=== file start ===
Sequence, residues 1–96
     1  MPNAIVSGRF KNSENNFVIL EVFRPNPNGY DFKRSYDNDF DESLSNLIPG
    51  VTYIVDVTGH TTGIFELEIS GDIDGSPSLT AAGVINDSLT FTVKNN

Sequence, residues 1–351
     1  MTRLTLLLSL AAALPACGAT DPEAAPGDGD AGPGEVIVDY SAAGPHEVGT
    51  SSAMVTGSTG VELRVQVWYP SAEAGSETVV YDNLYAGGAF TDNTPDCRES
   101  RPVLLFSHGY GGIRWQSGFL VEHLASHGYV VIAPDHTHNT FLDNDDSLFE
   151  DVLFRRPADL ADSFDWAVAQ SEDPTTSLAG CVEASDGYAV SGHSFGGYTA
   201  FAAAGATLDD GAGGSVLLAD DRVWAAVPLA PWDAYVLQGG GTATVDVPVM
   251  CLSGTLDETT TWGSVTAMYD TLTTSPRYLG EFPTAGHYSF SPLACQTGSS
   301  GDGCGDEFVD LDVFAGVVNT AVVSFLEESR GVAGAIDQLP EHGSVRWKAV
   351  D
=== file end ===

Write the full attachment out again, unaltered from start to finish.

Sequence, residues 1–96
     1  MPNAIVSGRF KNSENNFVIL EVFRPNPNGY DFKRSYDNDF DESLSNLIPG
    51  VTYIVDVTGH TTGIFELEIS GDIDGSPSLT AAGVINDSLT FTVKNN

Sequence, residues 1–351
     1  MTRLTLLLSL AAALPACGAT DPEAAPGDGD AGPGEVIVDY SAAGPHEVGT
    51  SSAMVTGSTG VELRVQVWYP SAEAGSETVV YDNLYAGGAF TDNTPDCRES
   101  RPVLLFSHGY GGIRWQSGFL VEHLASHGYV VIAPDHTHNT FLDNDDSLFE
   151  DVLFRRPADL ADSFDWAVAQ SEDPTTSLAG CVEASDGYAV SGHSFGGYTA
   201  FAAAGATLDD GAGGSVLLAD DRVWAAVPLA PWDAYVLQGG GTATVDVPVM
   251  CLSGTLDETT TWGSVTAMYD TLTTSPRYLG EFPTAGHYSF SPLACQTGSS
   301  GDGCGDEFVD LDVFAGVVNT AVVSFLEESR GVAGAIDQLP EHGSVRWKAV
   351  D